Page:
There may have been as few as 200 remnant believers who were meeting in secret among the ruins of Phnom Penh city. The Vietnamese military invaded and occupied Cambodia from 1979 to 1989 as they scoured the countryside looking for any remaining Khmer Rouge fighters. The church was suppressed and remained underground during the Vietnamese occupation.

Image: Office of the Council of Ministers / Government of Cambodia

Pastor Im Chhrorn from the C&MA, currently 88 years old, survived the killing fields and kept the remnant believers encouraged. Vibol, now the NCCN-CC president, had also survived as a teen, escaping brutality and bullets of the Khmer Rouge by hiding in the jungle. Some years later he made his way into Phnom Penh, taking refuge in a Buddhist temple. He eventually came to Im with questions about a god named “Jesus,” whom he’d read about in a library book.

Pastor Vibol was caring for orphans in one of the poorest areas of Phnom Penh when I met him in 2002 and partnered with him soon after to provide Bibles and training for Christian workers and new believers. At that point, Vibol was already the head of a group of over 300 churches that made up the NCCN-CC. Soon, he saw even more church growth and new churches established as Cambodian trainers and Scripture flowed from Phnom Penh into the countryside villages.

58,000 New Believers in 2019

During the past fiscal year, the NCCN-CC reported 58,313 new believers from the evangelistic efforts of their more than 3,000 established churches. Who would have imagined this kind of growth in a single year, considering the history of Cambodia?

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The two major gatherings in Phnom Penh—Franklin Graham’s rally and the prime minister meeting—are noteworthy for gathering Christians and Christian leaders in a country where the faith remains a minority. But even more significant and effective gospel work is happening at a smaller scale throughout the year. A network of provincial leaders meets each month in Phnom Penh for fellowship, reporting, and resupplying of materials needed for evangelism and discipleship, with teams focused on going into unreached villages and establishing house churches.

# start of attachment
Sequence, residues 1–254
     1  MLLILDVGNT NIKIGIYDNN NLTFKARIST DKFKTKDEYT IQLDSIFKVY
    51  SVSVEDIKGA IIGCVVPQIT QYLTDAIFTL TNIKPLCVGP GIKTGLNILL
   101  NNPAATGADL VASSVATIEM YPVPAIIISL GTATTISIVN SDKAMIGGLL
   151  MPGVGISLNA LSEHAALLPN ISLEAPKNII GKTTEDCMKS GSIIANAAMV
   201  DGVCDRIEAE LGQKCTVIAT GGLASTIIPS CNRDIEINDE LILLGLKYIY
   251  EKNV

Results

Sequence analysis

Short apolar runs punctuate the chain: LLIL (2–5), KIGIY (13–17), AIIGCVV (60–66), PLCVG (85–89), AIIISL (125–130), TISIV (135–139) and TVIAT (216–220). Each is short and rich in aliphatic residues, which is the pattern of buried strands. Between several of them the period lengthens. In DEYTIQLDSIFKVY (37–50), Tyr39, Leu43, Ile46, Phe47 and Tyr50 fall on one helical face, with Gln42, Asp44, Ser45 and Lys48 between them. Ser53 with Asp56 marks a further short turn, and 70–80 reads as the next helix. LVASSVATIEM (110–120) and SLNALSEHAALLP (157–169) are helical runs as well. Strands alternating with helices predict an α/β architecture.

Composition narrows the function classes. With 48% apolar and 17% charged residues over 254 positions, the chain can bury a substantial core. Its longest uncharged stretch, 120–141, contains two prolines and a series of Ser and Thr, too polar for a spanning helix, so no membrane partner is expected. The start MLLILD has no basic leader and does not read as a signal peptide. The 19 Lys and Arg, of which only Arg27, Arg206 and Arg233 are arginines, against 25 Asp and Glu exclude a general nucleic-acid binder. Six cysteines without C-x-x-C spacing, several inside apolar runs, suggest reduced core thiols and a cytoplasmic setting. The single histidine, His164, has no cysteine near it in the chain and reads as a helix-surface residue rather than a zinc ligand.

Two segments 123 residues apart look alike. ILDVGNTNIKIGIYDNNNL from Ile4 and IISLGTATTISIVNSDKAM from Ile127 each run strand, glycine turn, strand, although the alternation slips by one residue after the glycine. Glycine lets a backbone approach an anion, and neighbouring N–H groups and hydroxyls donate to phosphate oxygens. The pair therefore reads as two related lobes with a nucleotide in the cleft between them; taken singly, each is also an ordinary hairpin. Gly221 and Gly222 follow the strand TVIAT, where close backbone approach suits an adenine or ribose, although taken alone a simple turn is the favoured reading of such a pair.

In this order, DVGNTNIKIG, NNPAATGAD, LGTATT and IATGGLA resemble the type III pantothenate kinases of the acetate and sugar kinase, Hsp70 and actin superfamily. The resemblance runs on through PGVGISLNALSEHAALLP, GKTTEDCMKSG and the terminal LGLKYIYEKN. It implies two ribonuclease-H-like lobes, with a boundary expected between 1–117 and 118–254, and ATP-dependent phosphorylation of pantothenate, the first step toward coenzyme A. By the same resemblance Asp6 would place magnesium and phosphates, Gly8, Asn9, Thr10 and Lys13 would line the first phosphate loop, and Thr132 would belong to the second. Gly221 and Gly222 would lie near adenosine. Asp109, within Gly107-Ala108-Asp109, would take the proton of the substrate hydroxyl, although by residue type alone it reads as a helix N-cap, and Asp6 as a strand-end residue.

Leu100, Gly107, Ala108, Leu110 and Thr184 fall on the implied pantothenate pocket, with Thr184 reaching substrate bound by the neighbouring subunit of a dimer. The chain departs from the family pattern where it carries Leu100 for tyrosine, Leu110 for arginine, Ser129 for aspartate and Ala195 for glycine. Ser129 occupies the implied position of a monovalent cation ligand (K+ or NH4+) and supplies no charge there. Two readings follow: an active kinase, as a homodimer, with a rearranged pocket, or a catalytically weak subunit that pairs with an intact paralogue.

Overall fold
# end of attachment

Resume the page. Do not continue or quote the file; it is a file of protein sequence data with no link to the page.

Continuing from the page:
Their approach is inspired by the principle of Matthew 13:31–32: “The kingdom of heaven is like a mustard seed, which a man took and planted in his field. Though it is the smallest of all your seeds, yet when it grows, it is the largest of garden plants and becomes a tree, so that the birds of the air come and perch in its branches.”

The prime minister’s pledge of continued religious freedom means that the door will remain open for their ministry—whether through mass events or seeds planted through small-scale neighborly outreach. We will continue to pray that God will work through his people at this opportune time and that the gospel will spread across Cambodia, including to 8,600 villages and communities that still do not have a church.

Bob Craft is the founder and president of Reach a Village. He has served in ministry throughout Southeast Asia for nearly 30 years and has worked in Cambodia with the NCCN-CC since 2002, helping train local pastors and Christian workers in church growth and church planting.